It is sometimes difficult to figure which end of a skunk is up.
The other night I went to retrieve Hobkin for purposes of cuddling. In the shadows under the hutch and me without corrective eye wear, I had a moment’s confusion, unsure which end of the snoozing fur lump truncated in a nose and which a tail. Making what I thought was an accurate determination, I bundled Hobkin in my arms and carted him off.
fosteronfilm came in, and I squinted and commented offhandedly: “Wasn’t sure which end of Hobkin was which.”
Since I am myopic unto blind without my glasses, I couldn’t see his expression, but the tone of his voice was expressive. He replied, “Still haven’t worked it out, I see.”
Seems I was lugging a groggy and very perplexed skunk around head down. Of course, I righted him as soon as I realized, but he was miffed and wide awake by that time (usually I can carry him from the hutch to the chaise without waking him, and he just nestles in my arms). He glared at me and rightly decided he didn’t want to snuggle with the crazy lady; he scampered back to the hutch in a huff.
On the non-upside down skunk front, our friend, Chris-from-Tennessee, came a’visiting over the weekend. He’s a Biology professor specializing in Ichthyological paleontology, and he’s conducting a summer seminar in Mexico. He drove to Chez Foster a couple days before his flight from Hartsfield-Jackson so we could hang out and catch up. It was a nice diversion from nose-to-the-keyboard, and he’s got a toddler daughter who I love hearing about. Chris’s wife is from China, and she speaks Mandarin to their daughter while he speaks English to her. I’m fascinated by the linguistic progress of an emergent bilingual child.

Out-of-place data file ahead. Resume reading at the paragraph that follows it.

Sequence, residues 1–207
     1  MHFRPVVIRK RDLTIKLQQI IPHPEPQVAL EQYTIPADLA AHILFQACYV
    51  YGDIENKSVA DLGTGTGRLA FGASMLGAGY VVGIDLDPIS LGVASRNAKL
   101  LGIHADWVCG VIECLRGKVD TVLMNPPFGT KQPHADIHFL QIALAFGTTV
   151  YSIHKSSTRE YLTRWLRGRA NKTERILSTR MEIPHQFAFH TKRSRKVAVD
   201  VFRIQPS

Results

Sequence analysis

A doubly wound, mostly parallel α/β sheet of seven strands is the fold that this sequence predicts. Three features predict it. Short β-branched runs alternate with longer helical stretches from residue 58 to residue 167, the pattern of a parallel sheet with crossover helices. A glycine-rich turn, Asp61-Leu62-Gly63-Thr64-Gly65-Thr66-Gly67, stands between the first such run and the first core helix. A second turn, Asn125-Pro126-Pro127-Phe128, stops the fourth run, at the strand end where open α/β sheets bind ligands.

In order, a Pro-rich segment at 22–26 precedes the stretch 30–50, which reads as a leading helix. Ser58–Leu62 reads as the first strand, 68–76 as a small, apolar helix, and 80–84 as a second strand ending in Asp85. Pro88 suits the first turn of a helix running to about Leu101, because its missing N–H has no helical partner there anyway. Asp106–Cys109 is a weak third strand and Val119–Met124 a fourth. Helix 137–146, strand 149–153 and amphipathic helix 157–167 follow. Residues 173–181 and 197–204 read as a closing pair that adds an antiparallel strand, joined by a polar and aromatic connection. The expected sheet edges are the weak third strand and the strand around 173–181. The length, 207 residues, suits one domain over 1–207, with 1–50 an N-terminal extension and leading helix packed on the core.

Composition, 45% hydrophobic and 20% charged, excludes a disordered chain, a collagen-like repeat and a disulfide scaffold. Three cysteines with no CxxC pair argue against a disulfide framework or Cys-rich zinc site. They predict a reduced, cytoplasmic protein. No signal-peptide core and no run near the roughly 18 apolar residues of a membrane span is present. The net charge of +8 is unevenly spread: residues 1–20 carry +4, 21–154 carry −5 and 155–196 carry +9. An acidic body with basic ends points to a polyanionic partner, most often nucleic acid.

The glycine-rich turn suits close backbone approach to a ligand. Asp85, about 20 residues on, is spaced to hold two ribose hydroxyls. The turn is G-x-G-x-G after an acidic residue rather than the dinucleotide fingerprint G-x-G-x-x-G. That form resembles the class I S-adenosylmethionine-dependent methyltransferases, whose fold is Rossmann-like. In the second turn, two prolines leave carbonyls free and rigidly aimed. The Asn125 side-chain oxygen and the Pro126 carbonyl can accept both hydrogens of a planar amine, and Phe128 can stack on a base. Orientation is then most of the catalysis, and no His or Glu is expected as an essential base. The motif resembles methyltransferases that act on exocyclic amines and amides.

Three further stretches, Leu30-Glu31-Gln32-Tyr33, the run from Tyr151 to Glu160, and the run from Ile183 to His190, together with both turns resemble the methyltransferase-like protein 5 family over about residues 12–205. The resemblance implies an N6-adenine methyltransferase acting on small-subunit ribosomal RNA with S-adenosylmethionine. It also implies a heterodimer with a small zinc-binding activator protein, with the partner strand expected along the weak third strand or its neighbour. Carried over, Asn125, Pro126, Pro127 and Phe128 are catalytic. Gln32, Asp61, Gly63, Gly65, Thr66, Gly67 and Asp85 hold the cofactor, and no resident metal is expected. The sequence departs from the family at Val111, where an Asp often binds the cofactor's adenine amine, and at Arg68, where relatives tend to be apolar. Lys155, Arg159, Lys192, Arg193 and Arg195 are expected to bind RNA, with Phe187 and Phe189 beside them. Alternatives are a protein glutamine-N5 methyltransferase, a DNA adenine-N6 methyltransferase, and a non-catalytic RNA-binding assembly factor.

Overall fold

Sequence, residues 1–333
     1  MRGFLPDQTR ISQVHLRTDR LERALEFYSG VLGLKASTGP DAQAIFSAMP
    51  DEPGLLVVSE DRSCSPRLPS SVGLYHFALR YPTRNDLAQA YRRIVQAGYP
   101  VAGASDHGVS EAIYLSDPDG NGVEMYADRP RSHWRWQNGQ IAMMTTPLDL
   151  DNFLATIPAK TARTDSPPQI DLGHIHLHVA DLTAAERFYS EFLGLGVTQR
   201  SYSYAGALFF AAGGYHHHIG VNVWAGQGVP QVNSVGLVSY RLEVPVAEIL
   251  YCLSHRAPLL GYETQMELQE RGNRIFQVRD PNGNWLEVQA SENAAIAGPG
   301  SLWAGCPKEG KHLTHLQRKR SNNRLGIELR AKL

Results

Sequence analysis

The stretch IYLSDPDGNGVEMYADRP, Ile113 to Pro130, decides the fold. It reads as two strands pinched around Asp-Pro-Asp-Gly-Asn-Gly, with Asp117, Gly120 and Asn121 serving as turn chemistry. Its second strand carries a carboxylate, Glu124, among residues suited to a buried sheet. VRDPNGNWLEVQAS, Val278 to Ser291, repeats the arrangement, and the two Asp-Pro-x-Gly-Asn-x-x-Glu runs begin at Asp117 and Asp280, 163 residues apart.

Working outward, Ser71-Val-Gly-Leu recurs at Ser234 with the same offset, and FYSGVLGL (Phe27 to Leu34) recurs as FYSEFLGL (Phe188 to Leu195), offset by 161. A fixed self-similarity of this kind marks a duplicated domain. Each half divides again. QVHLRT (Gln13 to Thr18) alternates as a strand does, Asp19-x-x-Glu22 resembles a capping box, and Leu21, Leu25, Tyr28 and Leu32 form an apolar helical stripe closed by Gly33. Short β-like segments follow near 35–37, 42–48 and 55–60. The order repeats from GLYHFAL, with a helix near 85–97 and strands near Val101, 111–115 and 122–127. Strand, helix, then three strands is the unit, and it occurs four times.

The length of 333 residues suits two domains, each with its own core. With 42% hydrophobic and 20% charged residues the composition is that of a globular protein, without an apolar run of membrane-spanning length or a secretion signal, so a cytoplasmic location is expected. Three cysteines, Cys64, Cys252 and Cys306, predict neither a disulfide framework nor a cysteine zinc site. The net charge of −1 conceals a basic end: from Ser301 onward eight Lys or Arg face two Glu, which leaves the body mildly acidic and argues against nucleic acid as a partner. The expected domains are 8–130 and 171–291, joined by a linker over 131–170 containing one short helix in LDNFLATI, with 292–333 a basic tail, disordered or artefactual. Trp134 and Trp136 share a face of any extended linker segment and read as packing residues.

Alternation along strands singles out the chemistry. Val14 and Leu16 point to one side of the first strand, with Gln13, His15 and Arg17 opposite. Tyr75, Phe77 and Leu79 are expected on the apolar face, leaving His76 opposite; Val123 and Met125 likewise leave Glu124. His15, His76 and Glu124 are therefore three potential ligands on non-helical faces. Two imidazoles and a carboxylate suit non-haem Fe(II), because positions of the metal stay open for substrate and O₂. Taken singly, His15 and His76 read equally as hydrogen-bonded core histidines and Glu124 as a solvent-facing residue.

Been mulling my recent lack of fiction progress. The hamsters have been most troublesome even though I’ve slung away some of the bitier ones. And it occurred to me, as in bolt-out-of-the-blue smack-me-in-the face occurred to me, that I’ve been undermining the intrinsic motivation of my writing by pairing it too closely with financial reward.
There’s heaps of psychological studies that show how both creativity and interest decline whenever something once done for the pure joy of it is set on a reward schedule. As soon as gain becomes the driving purpose behind creative expression, enjoyment evaporates, and art becomes work–to the detriment of art and artist.
While I am indeed a working writer, struggling to pay the bills and all, there’s got to be a way to achieve a balance here. Yes, they’re linked in reality, but I need to isolate the money-making from the creative part on an emotional level. Already, I’m finding myself thinking along the lines of “these 300 words of website content that I’m ghostwriting will get me such-and-such amount, while I’ll be lucky if these 300 words of fiction–more grueling and draining to produce–will get me a fraction of that if I’m lucky.” And so I’m ending up cranking out the money-words and neglecting my fiction.
But how? Hrm. I need to implement a new reward structure, I think. So here’s what I came up with: From now on, fiction writing is no longer “work.” It is the reward for making progress on my freelance gigs, which are “work.” If I finish a reasonable daily quota of “work” I’m free to indulge my muse.
Well, the theory sounds good. ‘Course the true test is whether my restructuring results in any fiction productivity gains. Will revisit this as needed.
Man, when I unearthed my repressed psychologist, she went amok. Beware berserk psychology researcher . . .
- 600 on the freelance gig.
- 1K on the resuscitated Swan Lake story. Hurray, fiction!
- Check from Faeries for “Returning My Sister’s Face.” In Euros. I anticipate wacky fun when I go to deposit it. I wonder how much my bank will try to shaft me for. Oh well, it can’t possibly be worse than their foreign wire transfer fee.